Anti-government protests have erupted on a regular basis in Iraq in recent years. But these are the largest and bloodiest since the US-led invasion in 2003 that overthrew Saddam Hussein.
Here’s all the background you need to know in 100 or 500 words – you can read each individually or in turn.
The unrest started on 1 October, when people took to the streets of Baghdad and in the south to express their anger at endemic corruption, high unemployment, dire public services and foreign interference.
The prime minister has resigned in response, but protesters want to sweep away the entire political establishment.
They have blocked roads, oil facilities and ports, and clashed with security forces, who have fired live ammunition in response. At least 420 people have reportedly been killed and 17,000 injured.
The UN has urged the government to stop using violence against protesters, and pass electoral reforms and anti-corruption measures.
What triggered the unrest?
At the end of September, Prime Minister Adel Abdul Mahdi demoted Iraq’s popular counter-terrorism chief. The decision was met with anger on social media and calls went out for protests on 1 October against the government’s failure to provide basic services, create jobs and stamp out corruption.
The biggest protest took place in Baghdad’s Tahrir Square. When people tried to cross a bridge to reach the Green Zone – the location of the main government offices – security forces opened fire.
The heavy-handed response fuelled popular anger and the protests spread to southern and central provinces.
After the first wave of protests ended on 9 October, Mr Abdul Mahdi promised to reshuffle his cabinet and launch schemes to reduce unemployment. Angered by his refusal to also call early elections, the protesters returned to the streets on 25 October.
What do the protesters want?
The protesters, who are mostly under the age of 30 and represent a cross-section of society, do not have leaders to present their demands.
However, it clear they want an overhaul of the post-2003 political system, which has failed to protect living standards despite Iraq’s enormous oil resources.
A narrow elite has been able to keep a firm grip on power because of a quota system that allocates positions to political parties based on sectarian and ethnic identity, encouraging patronage and corruption.
What do Iraq’s leaders say?
After violence intensified at the end of November, Iraq’s top Shia Muslim cleric, Grand Ayatollah Ali Sistani, urged parliament to reconsider its support for the government.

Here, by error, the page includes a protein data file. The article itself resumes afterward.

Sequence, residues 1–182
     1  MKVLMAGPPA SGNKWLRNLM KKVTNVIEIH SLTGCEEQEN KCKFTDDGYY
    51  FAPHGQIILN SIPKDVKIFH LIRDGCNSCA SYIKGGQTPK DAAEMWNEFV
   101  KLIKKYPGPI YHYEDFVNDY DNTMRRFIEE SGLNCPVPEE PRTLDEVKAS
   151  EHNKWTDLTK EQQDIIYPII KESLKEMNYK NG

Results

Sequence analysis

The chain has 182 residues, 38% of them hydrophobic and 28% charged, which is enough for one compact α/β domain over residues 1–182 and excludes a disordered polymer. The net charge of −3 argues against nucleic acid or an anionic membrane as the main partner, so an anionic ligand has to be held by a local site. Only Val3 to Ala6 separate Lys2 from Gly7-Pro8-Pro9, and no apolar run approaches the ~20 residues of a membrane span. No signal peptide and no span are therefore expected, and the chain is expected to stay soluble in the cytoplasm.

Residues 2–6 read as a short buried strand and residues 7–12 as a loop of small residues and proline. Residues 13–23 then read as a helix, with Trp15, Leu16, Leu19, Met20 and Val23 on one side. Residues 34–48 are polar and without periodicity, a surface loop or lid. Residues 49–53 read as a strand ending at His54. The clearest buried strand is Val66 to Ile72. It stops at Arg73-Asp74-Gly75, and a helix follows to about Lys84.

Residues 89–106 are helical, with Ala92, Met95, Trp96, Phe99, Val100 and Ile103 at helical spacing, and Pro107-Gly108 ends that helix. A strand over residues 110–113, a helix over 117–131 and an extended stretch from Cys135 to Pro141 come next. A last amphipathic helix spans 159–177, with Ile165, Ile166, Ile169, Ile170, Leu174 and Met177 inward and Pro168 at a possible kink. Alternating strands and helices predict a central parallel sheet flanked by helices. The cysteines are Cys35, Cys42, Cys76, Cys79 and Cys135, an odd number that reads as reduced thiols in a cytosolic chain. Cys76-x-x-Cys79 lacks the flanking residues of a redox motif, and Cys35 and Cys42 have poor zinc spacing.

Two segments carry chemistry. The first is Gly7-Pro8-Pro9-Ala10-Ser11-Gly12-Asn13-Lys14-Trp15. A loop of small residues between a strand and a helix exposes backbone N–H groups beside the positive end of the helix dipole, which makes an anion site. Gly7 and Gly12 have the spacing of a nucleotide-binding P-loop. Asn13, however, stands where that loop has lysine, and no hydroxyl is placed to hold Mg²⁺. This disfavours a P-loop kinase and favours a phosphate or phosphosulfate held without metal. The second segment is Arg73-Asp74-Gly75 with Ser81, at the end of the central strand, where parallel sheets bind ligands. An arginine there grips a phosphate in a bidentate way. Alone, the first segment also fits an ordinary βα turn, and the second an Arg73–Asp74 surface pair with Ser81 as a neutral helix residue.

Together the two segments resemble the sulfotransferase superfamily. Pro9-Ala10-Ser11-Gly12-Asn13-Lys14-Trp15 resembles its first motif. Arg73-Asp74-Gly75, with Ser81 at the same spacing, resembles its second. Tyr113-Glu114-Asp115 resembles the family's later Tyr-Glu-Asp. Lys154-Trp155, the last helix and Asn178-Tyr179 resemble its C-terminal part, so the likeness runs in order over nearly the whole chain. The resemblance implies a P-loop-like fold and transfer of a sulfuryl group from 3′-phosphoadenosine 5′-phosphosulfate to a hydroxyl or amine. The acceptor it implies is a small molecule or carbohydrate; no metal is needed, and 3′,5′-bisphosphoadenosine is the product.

Mr Abdul Mahdi subsequently resigned, saying it was “necessary as part of the de-escalation”. He and his cabinet will stay on in a caretaker capacity until a new premier is chosen by the main parliamentary blocs – something that could take weeks.
Ayatollah Sistani also called on politicians to speed up the passing of a new electoral law. President Barham Saleh has said it will “allow for elections that are more just and better represent the people”.
The UN has made a series of recommendations, including investigations into killings of protesters, declarations of assets by politicians, corruption trials, electoral reform and constitutional changes.
How many people have died?
A government committee found 149 civilians died during the first wave of protests, mostly as a result of bullet wounds. At least 220 people have been killed since the second wave began, according to medics and security officials.
More than a dozen security personnel have also died in clashes.
Human rights activists say they have documented unlawful use of lethal force to disperse protesters, including with military-grade tear-gas grenades, live ammunition and sniper attacks.
Why are the protesters also angry at Iran?
They accuse the country of complicity in Iraq’s governance failure and corruption.
Iran’s influence over Iraq’s internal affairs has grown steadily since 2003. It has close links to Shia politicians who are part of the ruling elite, and has backed the paramilitary Popular Mobilisation force, which is dominated by Shia militias.